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Publication numberUS6105454 A
Publication typeGrant
Application numberUS 09/098,167
Publication dateAug 22, 2000
Filing dateJun 16, 1998
Priority dateJul 10, 1995
Fee statusLapsed
Also published asUS5765444, WO1997002933A1
Publication number09098167, 098167, US 6105454 A, US 6105454A, US-A-6105454, US6105454 A, US6105454A
InventorsPaul Bacchi, Paul S. Filipski
Original AssigneeKensington Laboratories, Inc.
Export CitationBiBTeX, EndNote, RefMan
External Links: USPTO, USPTO Assignment, Espacenet
Single and dual end effector, multiple link robot arm systems having triaxial drive motors
US 6105454 A
Abstract
A robot arm system (8) includes a multiple link robot arm mechanism (10) mounted at a shoulder axis (16) to a torso link (12) that is capable of 360-degree rotation about a torso axis (14). The robot arm mechanism couples an upper arm (15) and a forearm (22) to a hand (30) that is capable of linear or radial motion relative to the shoulder axis. The robot arm system minimizes its moment of inertia by arranging first (50), second (52), and third (92) motors triaxially about the torso axis to permit rapid movement of the hand. The first motor is coupled through endless belts (55, 68) to rotate the forearm about an elbow axis (24), the second motor is coupled through an endless belt (74) to rotate the upper arm about the shoulder axis, and the third motor rotates the torso link about the torso axis. A motor controller (100) operates in at least three operational states. The first operational state maintains the position of the third motor and equally counter-rotates the first and second motors to cause linear extension or retraction of the hand. The second operational state equally rotates the first and second motors and maintains the position of the third motor to cause angular displacement of the hand about the shoulder axis. The third operational state equally rotates the first, second, and third motors so that the robot arm mechanism undergoes angular displacement about the torso axis. Coordinating the rotations of the first and second motors enables the robot arm mechanism to describe a compound curvilinear travel path for the hand. The rotatable torso link together with the robot arm motion permits simple, nonradial positioning of specimen processing stations (350) relative to the torso axis, extended hand reach, and corner reacharound capabilities. The consequence is a high-speed, high-throughput robot arm system that operates in a compact work space.
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Claims(19)
We claim:
1. A multiple link robot arm system, comprising:
a torso link operable for rotation about a torso axis and extending between the torso axis and a shoulder axis that is offset from the torso axis;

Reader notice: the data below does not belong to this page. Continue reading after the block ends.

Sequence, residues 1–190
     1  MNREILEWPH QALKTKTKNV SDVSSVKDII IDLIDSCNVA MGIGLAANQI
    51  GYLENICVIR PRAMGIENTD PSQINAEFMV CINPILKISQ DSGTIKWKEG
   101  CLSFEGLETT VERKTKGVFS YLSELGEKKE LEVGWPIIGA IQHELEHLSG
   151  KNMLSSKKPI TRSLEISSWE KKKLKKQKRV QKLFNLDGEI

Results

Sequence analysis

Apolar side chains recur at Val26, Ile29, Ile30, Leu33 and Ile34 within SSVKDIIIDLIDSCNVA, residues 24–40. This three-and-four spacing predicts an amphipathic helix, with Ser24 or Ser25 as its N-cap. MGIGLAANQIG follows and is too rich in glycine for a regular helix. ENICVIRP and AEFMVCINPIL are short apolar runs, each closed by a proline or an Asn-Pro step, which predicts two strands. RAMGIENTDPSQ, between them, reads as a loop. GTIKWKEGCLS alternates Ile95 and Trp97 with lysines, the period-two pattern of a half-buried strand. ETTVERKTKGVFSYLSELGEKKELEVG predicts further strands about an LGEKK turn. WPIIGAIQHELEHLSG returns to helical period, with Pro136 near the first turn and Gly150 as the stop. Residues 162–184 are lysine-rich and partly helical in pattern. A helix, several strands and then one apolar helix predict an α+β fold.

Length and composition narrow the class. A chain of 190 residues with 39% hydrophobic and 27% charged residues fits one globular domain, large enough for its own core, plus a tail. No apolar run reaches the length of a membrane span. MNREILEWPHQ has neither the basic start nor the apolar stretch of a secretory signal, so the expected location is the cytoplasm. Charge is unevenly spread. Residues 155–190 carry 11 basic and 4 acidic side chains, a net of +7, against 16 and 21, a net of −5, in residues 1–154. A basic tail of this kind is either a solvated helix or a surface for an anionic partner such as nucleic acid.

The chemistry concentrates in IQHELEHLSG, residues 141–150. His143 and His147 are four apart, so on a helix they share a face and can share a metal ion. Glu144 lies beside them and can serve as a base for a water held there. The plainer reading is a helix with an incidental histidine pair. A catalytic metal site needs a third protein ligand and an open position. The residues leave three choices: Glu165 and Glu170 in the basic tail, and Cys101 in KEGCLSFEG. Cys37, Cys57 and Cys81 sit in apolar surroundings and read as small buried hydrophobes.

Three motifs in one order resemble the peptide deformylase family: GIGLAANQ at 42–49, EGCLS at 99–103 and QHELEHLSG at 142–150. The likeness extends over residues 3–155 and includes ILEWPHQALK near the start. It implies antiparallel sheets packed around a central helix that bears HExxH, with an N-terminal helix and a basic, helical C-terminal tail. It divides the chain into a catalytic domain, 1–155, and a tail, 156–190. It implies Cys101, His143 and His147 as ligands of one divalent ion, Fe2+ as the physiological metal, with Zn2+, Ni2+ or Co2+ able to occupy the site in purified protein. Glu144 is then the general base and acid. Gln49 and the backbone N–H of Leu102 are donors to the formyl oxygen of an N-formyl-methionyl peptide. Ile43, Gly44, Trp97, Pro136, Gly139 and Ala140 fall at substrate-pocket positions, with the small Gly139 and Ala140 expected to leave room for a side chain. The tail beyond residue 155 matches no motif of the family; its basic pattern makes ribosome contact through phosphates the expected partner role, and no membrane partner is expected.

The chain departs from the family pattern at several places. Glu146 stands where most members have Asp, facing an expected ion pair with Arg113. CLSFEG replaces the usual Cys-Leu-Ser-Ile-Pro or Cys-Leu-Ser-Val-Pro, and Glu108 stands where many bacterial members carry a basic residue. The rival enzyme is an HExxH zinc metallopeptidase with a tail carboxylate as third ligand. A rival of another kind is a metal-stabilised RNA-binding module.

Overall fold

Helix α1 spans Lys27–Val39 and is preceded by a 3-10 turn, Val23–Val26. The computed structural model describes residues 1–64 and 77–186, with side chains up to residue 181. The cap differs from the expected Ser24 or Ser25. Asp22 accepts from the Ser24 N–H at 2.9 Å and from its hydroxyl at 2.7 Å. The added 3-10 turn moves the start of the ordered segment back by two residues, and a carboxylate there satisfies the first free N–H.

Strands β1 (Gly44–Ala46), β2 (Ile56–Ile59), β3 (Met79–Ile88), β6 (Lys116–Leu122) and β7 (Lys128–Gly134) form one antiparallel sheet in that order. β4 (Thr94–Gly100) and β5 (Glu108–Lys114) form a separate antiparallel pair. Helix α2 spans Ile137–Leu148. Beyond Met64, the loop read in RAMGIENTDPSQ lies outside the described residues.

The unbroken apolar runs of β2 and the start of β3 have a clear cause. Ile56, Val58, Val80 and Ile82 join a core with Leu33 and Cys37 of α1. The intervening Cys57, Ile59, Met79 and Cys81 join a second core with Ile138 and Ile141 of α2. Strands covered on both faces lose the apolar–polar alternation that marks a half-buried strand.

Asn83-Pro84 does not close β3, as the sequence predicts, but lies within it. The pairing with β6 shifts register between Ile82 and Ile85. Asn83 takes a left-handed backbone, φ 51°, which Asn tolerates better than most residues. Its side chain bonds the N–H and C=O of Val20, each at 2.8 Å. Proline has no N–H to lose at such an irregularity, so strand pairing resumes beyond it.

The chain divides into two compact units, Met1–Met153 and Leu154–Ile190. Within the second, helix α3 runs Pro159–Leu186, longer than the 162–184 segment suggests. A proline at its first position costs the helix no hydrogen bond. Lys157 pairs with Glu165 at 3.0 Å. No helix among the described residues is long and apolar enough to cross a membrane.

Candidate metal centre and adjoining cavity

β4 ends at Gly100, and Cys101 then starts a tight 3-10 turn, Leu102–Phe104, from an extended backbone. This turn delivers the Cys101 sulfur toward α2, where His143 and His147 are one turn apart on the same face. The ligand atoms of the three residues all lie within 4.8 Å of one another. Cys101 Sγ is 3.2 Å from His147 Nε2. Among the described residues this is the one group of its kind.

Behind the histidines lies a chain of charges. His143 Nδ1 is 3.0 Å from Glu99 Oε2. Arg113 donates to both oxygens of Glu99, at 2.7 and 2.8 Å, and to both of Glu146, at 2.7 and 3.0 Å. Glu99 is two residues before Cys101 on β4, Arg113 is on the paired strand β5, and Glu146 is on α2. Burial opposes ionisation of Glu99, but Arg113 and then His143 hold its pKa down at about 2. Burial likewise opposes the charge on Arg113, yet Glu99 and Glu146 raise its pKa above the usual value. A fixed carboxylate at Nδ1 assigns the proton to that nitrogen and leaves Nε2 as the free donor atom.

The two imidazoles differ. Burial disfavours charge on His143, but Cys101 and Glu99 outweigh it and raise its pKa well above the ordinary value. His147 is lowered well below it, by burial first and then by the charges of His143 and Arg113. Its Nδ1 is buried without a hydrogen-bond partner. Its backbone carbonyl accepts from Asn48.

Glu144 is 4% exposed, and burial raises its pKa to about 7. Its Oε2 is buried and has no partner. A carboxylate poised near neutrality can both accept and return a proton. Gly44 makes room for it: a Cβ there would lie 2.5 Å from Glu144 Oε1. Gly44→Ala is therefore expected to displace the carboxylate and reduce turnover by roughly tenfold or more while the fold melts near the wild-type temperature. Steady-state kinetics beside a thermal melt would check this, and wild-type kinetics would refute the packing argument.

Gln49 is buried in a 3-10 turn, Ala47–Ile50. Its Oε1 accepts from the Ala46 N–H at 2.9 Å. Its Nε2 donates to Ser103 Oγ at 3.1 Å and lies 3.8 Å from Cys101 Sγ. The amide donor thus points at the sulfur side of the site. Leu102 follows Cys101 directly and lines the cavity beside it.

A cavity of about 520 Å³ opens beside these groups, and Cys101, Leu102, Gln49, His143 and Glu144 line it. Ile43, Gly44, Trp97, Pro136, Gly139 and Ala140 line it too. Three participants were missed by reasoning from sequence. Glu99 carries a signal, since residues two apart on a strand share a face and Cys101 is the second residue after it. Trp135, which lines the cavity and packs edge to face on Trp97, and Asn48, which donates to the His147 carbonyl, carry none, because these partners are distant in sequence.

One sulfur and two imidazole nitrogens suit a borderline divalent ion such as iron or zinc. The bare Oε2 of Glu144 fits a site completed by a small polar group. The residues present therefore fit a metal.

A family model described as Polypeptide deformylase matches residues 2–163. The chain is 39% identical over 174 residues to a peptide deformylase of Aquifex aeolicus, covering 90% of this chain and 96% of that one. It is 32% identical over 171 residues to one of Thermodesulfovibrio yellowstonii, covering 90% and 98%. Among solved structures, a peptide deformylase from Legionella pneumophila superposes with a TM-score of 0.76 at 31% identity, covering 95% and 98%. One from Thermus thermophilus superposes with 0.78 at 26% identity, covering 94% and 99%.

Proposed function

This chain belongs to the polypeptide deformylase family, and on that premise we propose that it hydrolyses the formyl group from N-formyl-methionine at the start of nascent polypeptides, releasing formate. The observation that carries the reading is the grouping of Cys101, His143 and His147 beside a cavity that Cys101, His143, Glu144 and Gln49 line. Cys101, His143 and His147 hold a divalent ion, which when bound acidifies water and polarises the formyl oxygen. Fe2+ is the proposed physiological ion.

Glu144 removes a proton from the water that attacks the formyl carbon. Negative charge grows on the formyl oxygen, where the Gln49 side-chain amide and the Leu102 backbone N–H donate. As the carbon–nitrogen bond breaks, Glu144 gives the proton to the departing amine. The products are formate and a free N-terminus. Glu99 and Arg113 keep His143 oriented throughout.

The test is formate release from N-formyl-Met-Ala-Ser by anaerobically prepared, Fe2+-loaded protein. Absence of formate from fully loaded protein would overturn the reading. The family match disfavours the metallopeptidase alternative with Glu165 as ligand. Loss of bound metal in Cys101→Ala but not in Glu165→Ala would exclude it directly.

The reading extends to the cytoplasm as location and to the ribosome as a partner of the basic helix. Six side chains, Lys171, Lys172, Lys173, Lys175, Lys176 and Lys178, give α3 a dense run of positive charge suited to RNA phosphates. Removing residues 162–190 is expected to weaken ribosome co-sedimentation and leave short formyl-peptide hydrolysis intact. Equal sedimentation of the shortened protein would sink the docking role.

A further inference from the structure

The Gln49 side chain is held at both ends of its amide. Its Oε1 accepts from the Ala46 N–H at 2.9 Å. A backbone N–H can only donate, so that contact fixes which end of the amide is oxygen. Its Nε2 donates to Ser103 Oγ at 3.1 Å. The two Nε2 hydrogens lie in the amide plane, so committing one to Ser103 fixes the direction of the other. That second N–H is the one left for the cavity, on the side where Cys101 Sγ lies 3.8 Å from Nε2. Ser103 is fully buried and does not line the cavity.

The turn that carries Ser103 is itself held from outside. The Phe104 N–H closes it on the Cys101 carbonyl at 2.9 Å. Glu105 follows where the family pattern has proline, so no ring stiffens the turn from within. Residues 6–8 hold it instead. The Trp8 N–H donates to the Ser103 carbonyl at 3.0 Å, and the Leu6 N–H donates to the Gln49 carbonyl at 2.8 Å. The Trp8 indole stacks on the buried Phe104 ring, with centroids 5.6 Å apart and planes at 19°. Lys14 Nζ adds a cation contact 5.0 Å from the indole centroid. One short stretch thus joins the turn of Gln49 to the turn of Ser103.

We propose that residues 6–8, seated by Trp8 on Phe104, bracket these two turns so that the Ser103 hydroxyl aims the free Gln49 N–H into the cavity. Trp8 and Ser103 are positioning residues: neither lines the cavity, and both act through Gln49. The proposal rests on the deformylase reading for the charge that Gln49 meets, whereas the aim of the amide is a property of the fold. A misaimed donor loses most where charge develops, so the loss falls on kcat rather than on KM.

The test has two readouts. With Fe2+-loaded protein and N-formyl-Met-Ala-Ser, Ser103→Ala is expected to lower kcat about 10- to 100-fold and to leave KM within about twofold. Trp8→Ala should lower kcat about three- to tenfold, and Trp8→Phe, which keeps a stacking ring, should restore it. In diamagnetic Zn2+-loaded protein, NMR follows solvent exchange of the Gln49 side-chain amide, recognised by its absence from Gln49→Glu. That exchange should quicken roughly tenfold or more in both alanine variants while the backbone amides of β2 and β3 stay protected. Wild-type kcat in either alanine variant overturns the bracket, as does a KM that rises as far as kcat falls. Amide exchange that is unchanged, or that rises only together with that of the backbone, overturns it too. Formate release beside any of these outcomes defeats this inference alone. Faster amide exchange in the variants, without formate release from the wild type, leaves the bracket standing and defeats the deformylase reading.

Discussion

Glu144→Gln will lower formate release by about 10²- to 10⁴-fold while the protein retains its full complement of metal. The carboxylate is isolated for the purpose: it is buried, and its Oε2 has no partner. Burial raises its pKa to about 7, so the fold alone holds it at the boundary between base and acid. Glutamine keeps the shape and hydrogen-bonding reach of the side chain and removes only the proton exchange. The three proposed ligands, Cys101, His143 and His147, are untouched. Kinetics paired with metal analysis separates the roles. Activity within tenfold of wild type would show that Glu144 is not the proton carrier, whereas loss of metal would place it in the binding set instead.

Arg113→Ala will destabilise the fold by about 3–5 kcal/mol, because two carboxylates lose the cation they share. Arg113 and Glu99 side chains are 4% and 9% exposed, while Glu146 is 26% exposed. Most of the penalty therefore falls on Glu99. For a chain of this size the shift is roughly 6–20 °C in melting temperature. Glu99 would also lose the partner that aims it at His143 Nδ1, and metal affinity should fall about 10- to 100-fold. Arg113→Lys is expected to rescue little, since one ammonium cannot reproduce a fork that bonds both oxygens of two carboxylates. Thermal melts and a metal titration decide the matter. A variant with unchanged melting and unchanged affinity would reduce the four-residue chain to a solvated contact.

a robot arm mechanism comprising an upper arm supported by the torso link for rotation about the shoulder axis and extending between the shoulder axis and an elbow axis, a forearm supported by the upper arm for rotation about the elbow axis and extending between the elbow axis and a wrist axis, and a hand supported by the forearm for rotation about the wrist axis:
a first motor having a first motor spindle coaxial with and rotatable about the torso axis for rotatably positioning the forearm about the elbow axis;
a second motor having a second motor spindle coaxial with and rotatable about the torso axis for rotatably positioning the upper arm about the shoulder axis; and
a third motor having a third motor spindle coaxial with and rotatable about the torso axis for rotatably positioning the torso link about the torso axis.
2. The robot arm system of claim 1 in which the first, second, and third motor spindles are arranged in a concentric relationship along a portion of the common axis.
3. The robot arm system of claim 1 in which each of the first, second, and third motor spindles is journaled for rotation on bearings mounted on a common mechanical structure.
4. The robot arm system of claim 1 further including a first mechanical linkage operatively connecting the upper arm and the forearm, the first mechanical linkage forming an active drive link between the first motor spindle and the forearm to cause the forearm to rotate about the elbow axis in response to operation of the first motor and a passive drive link between the forearm and the hand to cause the hand to rotate about the wrist axis in response to rotation of the forearm about the elbow axis.
5. The robot arm system of claim 4 further including a second mechanical linkage operatively connecting the first motor spindle to the first mechanical linkage.